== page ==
Sacramento State police chief given vote of no confidence by 14 officers

Sac State police officers Jesse Smith and Matt Kroner patrol campus :Sac State police officers Jesse Smith (left) and Matt Kroner (right) patrol campus for increased safety.:Steven Turner - State Hornet

Sac State police officers Jesse Smith and Matt Kroner patrol campus :Sac State police officers Jesse Smith (left) and Matt Kroner (right) patrol campus for increased safety.:Steven Turner – State Hornet

Timothy Sandoval

Sacramento State police officers gave a 14-1 vote of no confidence to Sac State Police Chief Daniel Davis earlier this month because of disagreements over his management in the face of rising crime.

The vote of no confidence against Davis occurred at a union meeting Jan. 4. The vote comes in the aftermath of seven incidents of alleged sexual assault last semester.

Some officers said they are concerned with the direction the police department is headed in the face of the rise in such crimes.

“Morale is at an all time low,” said Sac State police officer Jeff Solomon, president of the California Statewide Police Officers Association. “I have never seen a police department with morale this bad.”

Davis said he could not directly comment on union meeting activities, but felt that it was inappropriate for the officers to publicly air their grievances about him.

“The focus of my day-to-day activities is the safety of the campus,” Davis said. “I have complete confidence in my staff to protect the safety of this campus regardless of whatever conflicts we have, but I don’t feel it is appropriate for us to air those in the public.”

The vote marks the second time Sac State police officers have voiced concerns about Davis’ management. Last year, officers passed a union resolution stating an “immediate change in the direction of the police department leadership” was needed.

Solomon said the officers’ main concern with Davis is his decision to increase management staff while not hiring more police officers.

Davis’ administrative staff includes three lieutenants, one civilian manager, two full-time administrative analysts and one executive assistant. Before Davis took over as chief of police, the department employed only one lieutenant.

Solomon said with so many administrators working for the campus police, management staff often outnumbered patrol officers working on campus at any given time.

But Davis said shifts in which only one patrol officer is working for the entire campus is a rare occurrence.

“It is discouraged by my management staff,” Davis said. “Does it happen? Sure it does, but it’s usually because unexpected circumstances. When it does happen, we have a great partnership with the Sheriff’s Department and Sacramento Police Department to provide with assistance.”

Davis said he implemented a 12-hour shift policy at the recommendation of the union to prevent there being only one officer working on campus at one time. He also implemented a minimum staffing policy this week to make sure that at least two patrol officers are on duty at all times.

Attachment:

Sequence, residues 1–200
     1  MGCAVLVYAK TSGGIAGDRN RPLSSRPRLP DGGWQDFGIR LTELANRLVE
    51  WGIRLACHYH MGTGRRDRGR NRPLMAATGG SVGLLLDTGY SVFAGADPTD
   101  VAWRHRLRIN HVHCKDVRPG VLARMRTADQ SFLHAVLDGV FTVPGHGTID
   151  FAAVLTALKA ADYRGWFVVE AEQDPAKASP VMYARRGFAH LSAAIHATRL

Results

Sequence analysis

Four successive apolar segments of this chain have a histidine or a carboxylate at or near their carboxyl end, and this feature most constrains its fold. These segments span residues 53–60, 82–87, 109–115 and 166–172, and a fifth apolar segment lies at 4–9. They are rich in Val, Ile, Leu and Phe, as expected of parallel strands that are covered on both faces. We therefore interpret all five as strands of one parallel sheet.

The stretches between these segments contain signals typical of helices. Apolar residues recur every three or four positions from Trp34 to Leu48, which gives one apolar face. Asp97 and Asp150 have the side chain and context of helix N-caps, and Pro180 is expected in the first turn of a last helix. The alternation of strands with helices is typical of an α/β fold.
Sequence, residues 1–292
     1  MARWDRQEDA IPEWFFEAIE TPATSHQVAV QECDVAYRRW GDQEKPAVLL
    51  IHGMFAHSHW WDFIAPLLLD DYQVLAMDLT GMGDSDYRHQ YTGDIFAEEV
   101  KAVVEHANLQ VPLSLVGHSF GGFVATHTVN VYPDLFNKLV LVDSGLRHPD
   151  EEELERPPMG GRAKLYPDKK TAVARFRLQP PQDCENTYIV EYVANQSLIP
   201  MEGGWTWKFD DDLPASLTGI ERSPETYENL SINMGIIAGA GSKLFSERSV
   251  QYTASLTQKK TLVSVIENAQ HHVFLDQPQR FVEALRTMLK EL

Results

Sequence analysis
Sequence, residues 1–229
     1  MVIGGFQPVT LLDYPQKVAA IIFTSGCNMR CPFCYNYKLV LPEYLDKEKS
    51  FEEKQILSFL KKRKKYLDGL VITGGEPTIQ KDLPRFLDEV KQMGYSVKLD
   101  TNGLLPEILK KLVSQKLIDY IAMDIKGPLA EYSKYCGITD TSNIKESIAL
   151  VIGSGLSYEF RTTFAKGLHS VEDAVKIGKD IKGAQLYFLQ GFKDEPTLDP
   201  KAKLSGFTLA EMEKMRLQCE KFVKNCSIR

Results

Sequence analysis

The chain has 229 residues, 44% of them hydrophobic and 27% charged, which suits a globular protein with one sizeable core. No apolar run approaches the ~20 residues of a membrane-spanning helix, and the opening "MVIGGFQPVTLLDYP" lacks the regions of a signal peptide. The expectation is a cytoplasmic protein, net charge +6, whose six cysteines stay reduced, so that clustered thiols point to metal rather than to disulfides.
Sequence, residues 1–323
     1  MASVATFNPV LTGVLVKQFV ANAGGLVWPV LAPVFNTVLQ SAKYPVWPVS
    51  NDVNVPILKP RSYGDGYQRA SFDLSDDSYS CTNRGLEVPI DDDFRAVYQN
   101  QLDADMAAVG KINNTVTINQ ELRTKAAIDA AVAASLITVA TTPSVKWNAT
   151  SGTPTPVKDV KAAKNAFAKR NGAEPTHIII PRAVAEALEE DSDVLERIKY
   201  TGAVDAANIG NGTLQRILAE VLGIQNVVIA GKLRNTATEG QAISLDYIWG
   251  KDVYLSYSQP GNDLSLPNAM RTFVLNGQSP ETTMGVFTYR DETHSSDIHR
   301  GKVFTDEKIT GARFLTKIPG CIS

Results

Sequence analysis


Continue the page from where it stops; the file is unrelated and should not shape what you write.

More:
There are 21 police officers working for the campus police, including the three lieutenants and Davis. A University Police Association press release said the Department of Justice recommends 2.3 patrol officers for every 1,000 people that a police department is tasked to protect.

Last semester, a combined 28,328 students and faculty attended Sac State. Using Department of Justice guidelines, this would translate into patrol officers working at Sac State.

Solomon said the union is not looking for that large of an increase in staff. However, he said the police are severely understaffed in terms of patrol officers.

“We don’t want to play politics anymore with the safety and fiscal responsibility of the campus,” Solomon said. “We are concerned enough that we felt that we needed to pass this symbolic vote to signal that we need change.”

Davis said it is also important to note that he manages 75 employees, including 36 Community Service Officers who also patrol the campus.

“I feel that we are adequately staffed at the moment,” Davis said. “I have the utmost confidence that we can protect this campus.”

Despite the officers’ concerns, the university has still maintained its support for Davis.

“Chief Dan Davis has my full support in regard to the job he has done to protect lives and property on the university campus,” said Ming-Tung Lee, interim vice president for Administration and Business Affairs, in a statement to The State Hornet.

Solomon said he would not directly comment on the university’s continued support of Davis, but said he hopes the vote will open a dialogue between the officers and the school.

“We hope that we can meet with them and they will take this as an opportunity to look at the police and take our concerns into consideration,” Solomon said.

Tim Sandoval can be reached at [email protected]